The roadmap out of lockdown is the signature document of Boris Johnson’s new team in No. 10. It’s intended to be cautious, detailed and based on a new mantra of under-promising and over-delivering. It’s meant to strike a contrast with the chaos that came in the early stage of the pandemic by projecting an image of competence and calm.
So far, so good. Each stage — including Monday’s easing — has proceeded as planned. The vaccine rollout has been the fastest in Europe (although the Prime Minister still complains, in private, that it could have gone faster) and is now credited by ministers as a large part of the reason the party made so many gains in the local elections. But with only one stage of the roadmap left, it now risks being derailed by the so-called Indian variant.
Downing Street had hoped to signal next week that the final unlocking of 21 June was on track to go ahead as planned. Preparations were under way for a big bang end to restrictions, and a timetable was being thrashed out for the announcement. But the presence of the Indian variant in parts of the north-west, including Bolton, means that plans have been put on hold. ‘Uncertainty is back — just as we thought we had finally got rid of it,’ laments one government aide.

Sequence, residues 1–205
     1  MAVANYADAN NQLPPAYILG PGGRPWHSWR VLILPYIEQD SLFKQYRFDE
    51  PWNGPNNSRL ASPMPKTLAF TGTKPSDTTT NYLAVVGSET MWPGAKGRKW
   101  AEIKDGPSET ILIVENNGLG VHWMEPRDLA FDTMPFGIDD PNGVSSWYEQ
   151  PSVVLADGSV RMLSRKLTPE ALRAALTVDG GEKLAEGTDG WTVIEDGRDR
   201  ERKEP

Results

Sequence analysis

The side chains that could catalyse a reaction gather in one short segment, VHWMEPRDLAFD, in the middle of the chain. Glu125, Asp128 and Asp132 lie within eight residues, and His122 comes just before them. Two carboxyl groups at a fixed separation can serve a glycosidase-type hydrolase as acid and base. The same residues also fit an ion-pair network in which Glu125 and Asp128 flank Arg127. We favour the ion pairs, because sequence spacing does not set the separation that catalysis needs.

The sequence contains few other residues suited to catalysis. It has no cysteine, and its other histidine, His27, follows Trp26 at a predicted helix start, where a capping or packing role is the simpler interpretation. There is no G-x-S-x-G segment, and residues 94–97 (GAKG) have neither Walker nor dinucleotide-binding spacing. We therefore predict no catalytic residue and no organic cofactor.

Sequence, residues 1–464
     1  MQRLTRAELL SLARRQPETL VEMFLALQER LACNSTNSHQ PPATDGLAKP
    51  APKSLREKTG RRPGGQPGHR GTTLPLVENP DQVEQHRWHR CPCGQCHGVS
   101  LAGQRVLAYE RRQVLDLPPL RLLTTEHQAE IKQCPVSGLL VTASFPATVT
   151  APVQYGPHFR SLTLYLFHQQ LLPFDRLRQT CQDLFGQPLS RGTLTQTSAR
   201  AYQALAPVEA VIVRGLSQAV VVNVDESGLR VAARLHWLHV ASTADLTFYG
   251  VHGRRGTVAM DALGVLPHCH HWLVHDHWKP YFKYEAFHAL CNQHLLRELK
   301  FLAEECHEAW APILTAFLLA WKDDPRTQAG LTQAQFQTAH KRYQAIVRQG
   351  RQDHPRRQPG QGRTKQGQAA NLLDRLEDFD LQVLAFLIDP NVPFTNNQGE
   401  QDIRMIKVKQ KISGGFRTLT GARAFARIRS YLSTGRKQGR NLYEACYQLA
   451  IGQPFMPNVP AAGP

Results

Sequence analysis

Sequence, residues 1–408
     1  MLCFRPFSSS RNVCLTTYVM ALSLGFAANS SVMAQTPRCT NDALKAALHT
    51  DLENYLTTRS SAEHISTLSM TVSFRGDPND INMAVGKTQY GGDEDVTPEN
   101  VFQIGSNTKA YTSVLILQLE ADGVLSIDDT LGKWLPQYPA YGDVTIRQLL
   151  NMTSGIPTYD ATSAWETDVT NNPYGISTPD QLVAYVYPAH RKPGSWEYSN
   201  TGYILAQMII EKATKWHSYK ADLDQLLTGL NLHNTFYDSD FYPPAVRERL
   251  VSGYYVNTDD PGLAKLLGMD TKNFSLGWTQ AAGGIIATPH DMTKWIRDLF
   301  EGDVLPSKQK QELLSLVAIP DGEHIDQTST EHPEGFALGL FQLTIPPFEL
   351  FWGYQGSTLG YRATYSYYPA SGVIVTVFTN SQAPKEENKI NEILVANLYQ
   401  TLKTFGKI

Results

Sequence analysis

As things stand, Johnson is unpersuaded, and thinks some of the gloom has been overdone. But even he now won’t say whether 21 June will go ahead — and the outcome of the government’s social distancing review has been moved from this month to next. Meanwhile, ministers have had to spend the week fielding questions about why it took so long to place India on the travel red list.
A familiar dance is being performed.